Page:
“To affect the quality of the day is the highest of arts.” – Thoreau
Another name I had considered for this blog was “Waldorf-Come-Lately”. I came to Waldorf homeschooling in July 2010, when my oldest was eight and my youngest was five. It would be an understatement to say I was overwhelmed with all the information out there. Mostly I remember wanting stories of how people actually began to incorporate Waldorf-inspired methods into their lives. And more specifically, how did they do it with older children? One of my goals for this blog is to share how I began to change my parenting and my homeschooling with Waldorf.
I know this is not true, but it seemed as though everyone discovered Waldorf before they even had children. I remember wryly thinking, “If they just sold infants in the Nova Naturals catalog, I could start all over!” I’m kidding of course, but in the beginning I did think I could just “buy Waldorf”. I purchased some art supplies, a child’s sized broom and a few silks – presto! instant bliss. Looking back on this, I am cringing and laughing at the same time. During that fragile beginning time, when I could quiet my mind enough to think about what I really wanted from Waldorf, a few nebulous qualities came to the fore: calm, purpose, reverence. Defining it further, I wanted that seamless quality a rhythmic day seemed to promise. I wanted to wake up and know what to expect. I was tried of feeling as if I had to reinvent the whole day, every day. I slowly, glacially, realized that what I wanted had nothing to do with beeswax crayons, playsilks or wooden toys. On some level, maybe the deepest level, it didn’t even have anything to do with my children. I wanted rhythm in my life. I needed rhythm in my life.
The concept of rhythm is so intrinsic to Waldorf, yet so elusive. Often confused with “routine”, rhythm is more of a flow – a current that guides the unfolding of the day. To me, rhythm is to be anchored with a clear overarching sense of purpose. In this regard, I think viewing rhythm as an art form is accurate. There is technique and structure involved in crafting a rhythm to one’s day, but there is also intuition, finesse and individuality. Two people were instrumental in helping me to begin to craft a rhythm to my days. Melisa Nielsen, over at A Little Garden Flower, helped me to see how getting up before my family set the tone for my entire day. Carrie Dendtler over at The Parenting Passageway was also immensely helpful, especially her advice in this post. Based on the guidance of these two women, I started getting up, starting the day by myself in quiet and literally writing a list of how I wanted my day to flow.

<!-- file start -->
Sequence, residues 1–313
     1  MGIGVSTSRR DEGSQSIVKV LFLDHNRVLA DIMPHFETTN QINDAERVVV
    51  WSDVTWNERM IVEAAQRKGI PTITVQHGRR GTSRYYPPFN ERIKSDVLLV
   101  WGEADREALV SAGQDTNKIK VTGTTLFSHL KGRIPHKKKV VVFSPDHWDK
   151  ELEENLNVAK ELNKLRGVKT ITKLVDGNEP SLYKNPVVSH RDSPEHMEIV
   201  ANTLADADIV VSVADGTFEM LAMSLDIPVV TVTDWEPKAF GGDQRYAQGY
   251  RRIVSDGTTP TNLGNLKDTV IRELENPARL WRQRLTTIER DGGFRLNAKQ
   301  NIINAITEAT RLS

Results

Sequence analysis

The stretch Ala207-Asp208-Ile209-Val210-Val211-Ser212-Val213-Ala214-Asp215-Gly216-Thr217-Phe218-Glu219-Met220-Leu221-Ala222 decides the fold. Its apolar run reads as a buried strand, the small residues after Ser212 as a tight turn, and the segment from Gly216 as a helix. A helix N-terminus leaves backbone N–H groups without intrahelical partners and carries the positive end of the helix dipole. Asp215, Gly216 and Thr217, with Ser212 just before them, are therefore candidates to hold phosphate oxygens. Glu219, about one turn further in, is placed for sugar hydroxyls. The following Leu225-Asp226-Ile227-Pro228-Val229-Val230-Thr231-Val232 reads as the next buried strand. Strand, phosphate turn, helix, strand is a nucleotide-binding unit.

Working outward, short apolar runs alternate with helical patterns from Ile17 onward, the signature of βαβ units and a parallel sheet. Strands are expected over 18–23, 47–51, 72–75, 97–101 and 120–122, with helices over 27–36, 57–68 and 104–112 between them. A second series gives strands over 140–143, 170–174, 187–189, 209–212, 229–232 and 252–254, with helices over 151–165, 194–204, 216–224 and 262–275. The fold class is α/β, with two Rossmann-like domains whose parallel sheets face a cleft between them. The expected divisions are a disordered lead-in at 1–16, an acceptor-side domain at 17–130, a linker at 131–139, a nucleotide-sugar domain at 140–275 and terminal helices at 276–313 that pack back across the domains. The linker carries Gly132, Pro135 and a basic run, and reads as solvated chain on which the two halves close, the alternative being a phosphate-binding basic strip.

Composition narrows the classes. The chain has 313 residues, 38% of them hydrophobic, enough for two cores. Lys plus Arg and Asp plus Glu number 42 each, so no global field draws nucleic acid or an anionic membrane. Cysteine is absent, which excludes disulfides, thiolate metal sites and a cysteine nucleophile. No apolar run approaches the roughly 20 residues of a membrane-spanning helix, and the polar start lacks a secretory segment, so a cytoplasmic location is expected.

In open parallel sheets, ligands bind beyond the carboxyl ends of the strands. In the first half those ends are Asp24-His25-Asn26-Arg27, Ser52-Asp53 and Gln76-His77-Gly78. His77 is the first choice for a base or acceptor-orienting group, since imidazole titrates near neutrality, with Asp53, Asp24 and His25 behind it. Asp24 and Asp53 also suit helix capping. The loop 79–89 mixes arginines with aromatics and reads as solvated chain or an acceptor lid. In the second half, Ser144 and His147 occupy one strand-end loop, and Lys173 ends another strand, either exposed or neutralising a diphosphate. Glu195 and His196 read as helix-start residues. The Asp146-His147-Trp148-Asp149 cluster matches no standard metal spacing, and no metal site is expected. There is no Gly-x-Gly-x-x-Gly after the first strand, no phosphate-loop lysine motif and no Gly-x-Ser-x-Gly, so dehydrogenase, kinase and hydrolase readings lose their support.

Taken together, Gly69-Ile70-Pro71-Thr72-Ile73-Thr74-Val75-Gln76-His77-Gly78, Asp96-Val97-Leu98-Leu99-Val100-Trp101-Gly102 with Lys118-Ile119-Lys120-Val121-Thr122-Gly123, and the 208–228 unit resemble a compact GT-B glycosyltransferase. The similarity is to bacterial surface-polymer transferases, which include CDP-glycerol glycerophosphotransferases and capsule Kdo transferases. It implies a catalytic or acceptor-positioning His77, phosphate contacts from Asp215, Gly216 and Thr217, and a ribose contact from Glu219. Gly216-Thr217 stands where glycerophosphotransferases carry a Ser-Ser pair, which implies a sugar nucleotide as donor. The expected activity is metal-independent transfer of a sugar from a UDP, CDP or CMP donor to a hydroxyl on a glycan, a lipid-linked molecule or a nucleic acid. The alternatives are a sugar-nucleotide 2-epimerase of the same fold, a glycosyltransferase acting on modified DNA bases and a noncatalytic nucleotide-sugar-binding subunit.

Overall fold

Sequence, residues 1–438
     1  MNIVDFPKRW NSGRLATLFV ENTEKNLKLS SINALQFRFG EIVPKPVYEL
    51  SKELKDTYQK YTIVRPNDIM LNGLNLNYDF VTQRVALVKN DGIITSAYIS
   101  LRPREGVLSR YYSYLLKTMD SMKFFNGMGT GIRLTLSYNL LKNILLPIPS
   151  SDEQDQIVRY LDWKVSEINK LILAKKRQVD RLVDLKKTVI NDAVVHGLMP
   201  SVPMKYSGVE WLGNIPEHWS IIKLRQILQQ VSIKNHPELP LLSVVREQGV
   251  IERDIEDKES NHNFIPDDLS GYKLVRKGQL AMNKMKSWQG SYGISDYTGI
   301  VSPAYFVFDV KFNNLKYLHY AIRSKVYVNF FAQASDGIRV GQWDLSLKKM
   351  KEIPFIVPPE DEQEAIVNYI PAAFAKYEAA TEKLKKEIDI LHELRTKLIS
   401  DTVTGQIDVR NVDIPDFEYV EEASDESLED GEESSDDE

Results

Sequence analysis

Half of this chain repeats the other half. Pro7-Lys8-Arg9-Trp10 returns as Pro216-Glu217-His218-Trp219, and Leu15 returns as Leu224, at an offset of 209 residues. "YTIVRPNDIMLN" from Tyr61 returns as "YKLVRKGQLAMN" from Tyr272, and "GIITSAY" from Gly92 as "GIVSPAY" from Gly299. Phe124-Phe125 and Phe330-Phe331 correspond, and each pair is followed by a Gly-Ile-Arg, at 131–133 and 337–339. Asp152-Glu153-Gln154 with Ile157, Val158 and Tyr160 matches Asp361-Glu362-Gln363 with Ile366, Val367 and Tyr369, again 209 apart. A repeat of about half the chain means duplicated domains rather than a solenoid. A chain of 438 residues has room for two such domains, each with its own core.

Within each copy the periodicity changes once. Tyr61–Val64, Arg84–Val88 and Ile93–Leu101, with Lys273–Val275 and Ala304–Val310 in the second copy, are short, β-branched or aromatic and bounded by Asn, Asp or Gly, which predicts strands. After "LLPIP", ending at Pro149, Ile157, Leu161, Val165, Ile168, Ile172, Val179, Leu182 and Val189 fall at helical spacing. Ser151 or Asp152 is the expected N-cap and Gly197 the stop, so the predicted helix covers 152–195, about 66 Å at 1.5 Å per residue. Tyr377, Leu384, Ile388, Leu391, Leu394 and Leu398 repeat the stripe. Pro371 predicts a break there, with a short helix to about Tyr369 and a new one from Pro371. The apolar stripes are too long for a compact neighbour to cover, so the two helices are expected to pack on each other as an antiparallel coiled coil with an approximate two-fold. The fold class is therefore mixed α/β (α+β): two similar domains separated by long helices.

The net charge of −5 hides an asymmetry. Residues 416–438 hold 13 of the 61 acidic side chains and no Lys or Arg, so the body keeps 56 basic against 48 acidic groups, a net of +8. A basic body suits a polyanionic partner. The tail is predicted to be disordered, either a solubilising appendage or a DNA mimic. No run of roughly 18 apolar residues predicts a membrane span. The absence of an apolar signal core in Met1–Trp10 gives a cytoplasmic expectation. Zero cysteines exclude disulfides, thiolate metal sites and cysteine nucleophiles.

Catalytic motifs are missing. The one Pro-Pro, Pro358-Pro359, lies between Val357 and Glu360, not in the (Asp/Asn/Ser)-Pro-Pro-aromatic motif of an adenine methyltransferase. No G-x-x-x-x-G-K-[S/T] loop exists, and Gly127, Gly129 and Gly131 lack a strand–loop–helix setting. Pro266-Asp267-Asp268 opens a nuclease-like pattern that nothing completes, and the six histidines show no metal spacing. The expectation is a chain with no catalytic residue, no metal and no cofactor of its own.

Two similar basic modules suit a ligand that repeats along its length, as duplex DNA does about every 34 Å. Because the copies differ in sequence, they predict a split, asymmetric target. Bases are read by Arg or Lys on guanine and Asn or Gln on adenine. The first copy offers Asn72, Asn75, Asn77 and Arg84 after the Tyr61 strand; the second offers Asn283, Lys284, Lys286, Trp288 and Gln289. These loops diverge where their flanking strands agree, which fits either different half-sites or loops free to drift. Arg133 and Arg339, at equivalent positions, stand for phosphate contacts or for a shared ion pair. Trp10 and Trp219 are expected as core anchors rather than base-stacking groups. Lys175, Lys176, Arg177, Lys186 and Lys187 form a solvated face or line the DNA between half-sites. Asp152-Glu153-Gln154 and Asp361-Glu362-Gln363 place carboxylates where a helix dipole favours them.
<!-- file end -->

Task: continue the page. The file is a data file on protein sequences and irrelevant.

I did this for 40 days. Writing the list got to be almost comical. It was the exact same thing everyday: play, breakfast, chores, walk, snack tray, main lesson, play, lunch, quiet time, play, clean up, dinner prep, dinner, night routine, lights out. Every day, the list was the same and our nascent rhythm was beginning to take hold. Some 400 days later, I no longer need to write a list and I can say our rhythm is pretty solid. Adding a sense of rhythm to our days has filled me with a calm I have always craved, along with a definite purpose and a newfound reverence for what I do everyday. I’m not an expert by any means. My rhythm isn’t perfect. I wanted to write this as a testament that it is possible to create a rhythm where there previously wasn’t any. And more than that, I wanted to say that it is worth the work. (This post shows what our day currently looks like.)